Flickr Authentication

 

Photonic provides access to protected photos that you have decided to share amongst friends and family. The base of this is Authentication. To enable Flickr Authentication, go to Settings → Photonic → Flickr → Flickr Settings → Private Photos, and enable private photos. You can then configure the text to be shown in the box and the button.

Note:

  1. To enable authentication you must define a Flickr API Key and a Secret. You can obtain an API Key and a Secret from Flickr directly.
  2. Authentication requires that folks visiting your site have cookies enabled in their browser, or it will not work.

The first time a user tries to access protected content on Flickr, he is presented with an authentication box similar to this:

Flickr Authentication

Flickr Authentication

When the user clicks on “Login”, he is taken to a page on Flickr where he is asked to authorize the application. After authentication the user is redirected back to your site and can see whatever they are authorized to see. The authentication is a one-time process, and until a user revokes the permissions from his Flickr console or deletes his browser cookies, he can access the protected photos. Unauthenticated users will only see public photos.

Flickr offers 5 levels of protection:

  • 1 – Public photos
  • 2 – Private photos visible to friends
  • 3 – Private photos visible to family
  • 4 – Private photos visible to friends and family
  • 5 – Completely private photos

You can set the desired privacy level using the privacy_filter parameter, which can be given a value from 1 to 5, as above. The following short-code will show me my photos with a privacy level of 4:

 [gallery type='flickr' user_id='35553131@N07' view='photos' privacy_filter='4']

Unfortunately Flickr’s method of returning private photos is not progressive, in the sense that a privacy filter of 4 doesn’t get you photos of levels 1, 2 and 3; it only gets you level 4 photos.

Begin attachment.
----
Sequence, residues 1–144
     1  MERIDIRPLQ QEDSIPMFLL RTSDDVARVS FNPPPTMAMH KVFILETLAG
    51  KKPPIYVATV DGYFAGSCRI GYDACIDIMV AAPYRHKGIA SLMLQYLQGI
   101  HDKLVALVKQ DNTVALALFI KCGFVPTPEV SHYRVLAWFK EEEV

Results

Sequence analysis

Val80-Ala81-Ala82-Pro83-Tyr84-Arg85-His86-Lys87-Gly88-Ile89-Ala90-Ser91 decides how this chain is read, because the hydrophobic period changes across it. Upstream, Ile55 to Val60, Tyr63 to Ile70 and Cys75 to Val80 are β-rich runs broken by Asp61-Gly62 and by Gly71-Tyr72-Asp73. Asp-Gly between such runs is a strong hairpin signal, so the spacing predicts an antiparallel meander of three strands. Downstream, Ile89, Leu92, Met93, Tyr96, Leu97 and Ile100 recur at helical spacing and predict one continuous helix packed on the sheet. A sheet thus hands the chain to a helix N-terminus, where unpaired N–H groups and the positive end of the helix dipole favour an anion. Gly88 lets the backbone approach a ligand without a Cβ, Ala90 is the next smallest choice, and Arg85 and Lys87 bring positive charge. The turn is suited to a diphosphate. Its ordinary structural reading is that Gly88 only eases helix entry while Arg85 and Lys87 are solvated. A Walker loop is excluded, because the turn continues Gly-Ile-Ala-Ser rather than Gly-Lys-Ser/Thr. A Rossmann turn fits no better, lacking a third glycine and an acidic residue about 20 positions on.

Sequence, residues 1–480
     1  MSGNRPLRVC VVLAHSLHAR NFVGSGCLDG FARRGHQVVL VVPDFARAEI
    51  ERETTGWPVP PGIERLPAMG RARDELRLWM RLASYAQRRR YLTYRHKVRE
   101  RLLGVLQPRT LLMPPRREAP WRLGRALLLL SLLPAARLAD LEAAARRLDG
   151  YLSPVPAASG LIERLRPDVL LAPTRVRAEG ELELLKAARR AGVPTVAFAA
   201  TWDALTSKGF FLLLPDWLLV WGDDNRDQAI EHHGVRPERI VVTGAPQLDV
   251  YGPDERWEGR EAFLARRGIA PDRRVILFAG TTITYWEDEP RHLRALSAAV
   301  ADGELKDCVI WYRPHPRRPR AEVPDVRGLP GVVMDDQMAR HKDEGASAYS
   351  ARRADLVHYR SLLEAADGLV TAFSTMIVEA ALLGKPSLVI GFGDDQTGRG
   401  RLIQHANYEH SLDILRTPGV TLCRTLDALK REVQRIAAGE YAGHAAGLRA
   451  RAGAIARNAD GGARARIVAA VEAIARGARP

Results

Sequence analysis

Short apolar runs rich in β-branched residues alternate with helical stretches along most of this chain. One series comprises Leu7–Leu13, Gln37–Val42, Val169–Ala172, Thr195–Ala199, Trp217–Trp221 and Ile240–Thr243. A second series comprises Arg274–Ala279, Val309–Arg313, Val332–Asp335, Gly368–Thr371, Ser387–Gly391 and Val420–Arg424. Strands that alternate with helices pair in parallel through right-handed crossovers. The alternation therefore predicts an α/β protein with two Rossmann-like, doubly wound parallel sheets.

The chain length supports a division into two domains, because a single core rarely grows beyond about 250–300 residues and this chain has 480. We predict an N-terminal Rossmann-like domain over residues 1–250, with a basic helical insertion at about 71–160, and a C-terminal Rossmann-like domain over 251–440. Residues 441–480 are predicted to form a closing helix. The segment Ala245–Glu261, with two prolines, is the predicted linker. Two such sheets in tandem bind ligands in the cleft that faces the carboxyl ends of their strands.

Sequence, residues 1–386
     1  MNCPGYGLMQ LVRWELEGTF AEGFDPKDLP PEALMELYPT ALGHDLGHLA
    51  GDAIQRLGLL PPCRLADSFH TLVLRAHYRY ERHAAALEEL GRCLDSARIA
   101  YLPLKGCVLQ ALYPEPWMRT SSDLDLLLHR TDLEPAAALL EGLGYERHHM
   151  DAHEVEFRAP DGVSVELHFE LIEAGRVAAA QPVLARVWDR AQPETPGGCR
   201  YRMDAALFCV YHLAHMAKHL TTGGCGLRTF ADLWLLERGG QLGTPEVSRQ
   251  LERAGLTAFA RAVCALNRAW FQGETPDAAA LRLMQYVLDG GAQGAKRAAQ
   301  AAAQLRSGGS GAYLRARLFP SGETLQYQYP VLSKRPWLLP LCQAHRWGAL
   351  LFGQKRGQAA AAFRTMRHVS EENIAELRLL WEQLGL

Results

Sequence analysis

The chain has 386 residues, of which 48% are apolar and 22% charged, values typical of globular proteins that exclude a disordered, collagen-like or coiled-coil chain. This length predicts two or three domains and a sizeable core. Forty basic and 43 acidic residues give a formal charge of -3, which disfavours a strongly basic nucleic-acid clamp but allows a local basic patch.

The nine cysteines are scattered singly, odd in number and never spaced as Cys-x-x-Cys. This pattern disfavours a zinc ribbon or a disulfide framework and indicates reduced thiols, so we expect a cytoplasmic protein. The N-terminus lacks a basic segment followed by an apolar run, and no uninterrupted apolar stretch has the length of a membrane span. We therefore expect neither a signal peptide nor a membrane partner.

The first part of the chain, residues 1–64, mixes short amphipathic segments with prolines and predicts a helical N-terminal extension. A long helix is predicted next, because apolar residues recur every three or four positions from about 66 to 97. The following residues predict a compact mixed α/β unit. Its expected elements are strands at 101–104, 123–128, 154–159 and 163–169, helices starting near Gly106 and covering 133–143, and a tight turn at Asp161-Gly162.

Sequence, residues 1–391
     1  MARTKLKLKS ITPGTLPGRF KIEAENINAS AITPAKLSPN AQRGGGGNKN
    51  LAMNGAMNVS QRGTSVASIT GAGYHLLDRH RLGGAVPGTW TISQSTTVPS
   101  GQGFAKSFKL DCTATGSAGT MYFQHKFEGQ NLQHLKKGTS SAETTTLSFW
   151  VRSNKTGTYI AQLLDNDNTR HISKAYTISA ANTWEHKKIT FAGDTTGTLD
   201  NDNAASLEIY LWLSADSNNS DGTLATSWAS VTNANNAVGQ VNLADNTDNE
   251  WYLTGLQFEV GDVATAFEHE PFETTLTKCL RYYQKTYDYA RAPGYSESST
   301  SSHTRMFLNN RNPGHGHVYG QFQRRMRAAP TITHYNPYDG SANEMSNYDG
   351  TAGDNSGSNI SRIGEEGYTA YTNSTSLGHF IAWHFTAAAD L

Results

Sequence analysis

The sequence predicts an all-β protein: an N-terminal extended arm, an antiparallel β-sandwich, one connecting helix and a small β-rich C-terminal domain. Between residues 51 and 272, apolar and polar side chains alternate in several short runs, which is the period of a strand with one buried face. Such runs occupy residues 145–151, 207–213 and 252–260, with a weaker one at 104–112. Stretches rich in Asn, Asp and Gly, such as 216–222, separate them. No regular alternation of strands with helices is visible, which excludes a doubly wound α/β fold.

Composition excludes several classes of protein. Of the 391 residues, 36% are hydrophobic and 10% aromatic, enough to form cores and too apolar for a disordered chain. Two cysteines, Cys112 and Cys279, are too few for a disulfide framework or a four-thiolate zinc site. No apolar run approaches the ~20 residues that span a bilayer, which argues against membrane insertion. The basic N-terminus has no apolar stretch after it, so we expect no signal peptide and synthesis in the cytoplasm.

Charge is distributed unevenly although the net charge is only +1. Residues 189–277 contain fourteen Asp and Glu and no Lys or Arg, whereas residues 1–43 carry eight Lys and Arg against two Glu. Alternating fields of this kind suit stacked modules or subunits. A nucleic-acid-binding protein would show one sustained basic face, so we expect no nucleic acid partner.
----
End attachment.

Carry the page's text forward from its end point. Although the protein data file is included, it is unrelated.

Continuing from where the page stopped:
The following is a result of the shortcode invocation. I have run 6 different calls, one with no privacy filter, then with 5 different privacy filters. Note that even if you authenticate, you will not be able to see the protected photos if you are not in my Flickr friends’ circle. The album San Diego has 4 photos, but only 1 is public.

These are all my photos, visible if you are authenticated into the system as me. If you were authenticated as me, you would have seen 5 photos.

San Diego
1 photo
  • Should I approach or should I not?

These are my public photos from the San Diego album(level 1):

San Diego
1 photo
  • Should I approach or should I not?

(If you are not authorized to view my private photos, what you see above is what you see in the previous case, i.e. the photo titled “Should I approach or should I not?”)

These are my photos shared amongst friends (level 2):

San Diego
1 photo
  • Should I approach or should I not?

(If you don’t see a photo titled “Petting” above it is because you are not in my Friends group on Flickr.)

These are my photos shared amongst family members (level 3):

San Diego
1 photo
  • Should I approach or should I not?

(If you don’t see a photo titled “Getting close” above it is because you are not in my Family group on Flickr.)

These are my photos shared amongst friends and family (level 4):

San Diego
1 photo
  • Should I approach or should I not?

(If you don’t see a photo titled “Snooze” above it is because you are not in my Friends and Family on Flickr.)

These are my completely private photos (level 5):

San Diego
1 photo
  • Should I approach or should I not?

(If you don’t see a photo titled “Lazy Loungers” above it is because you are not signed in as me.)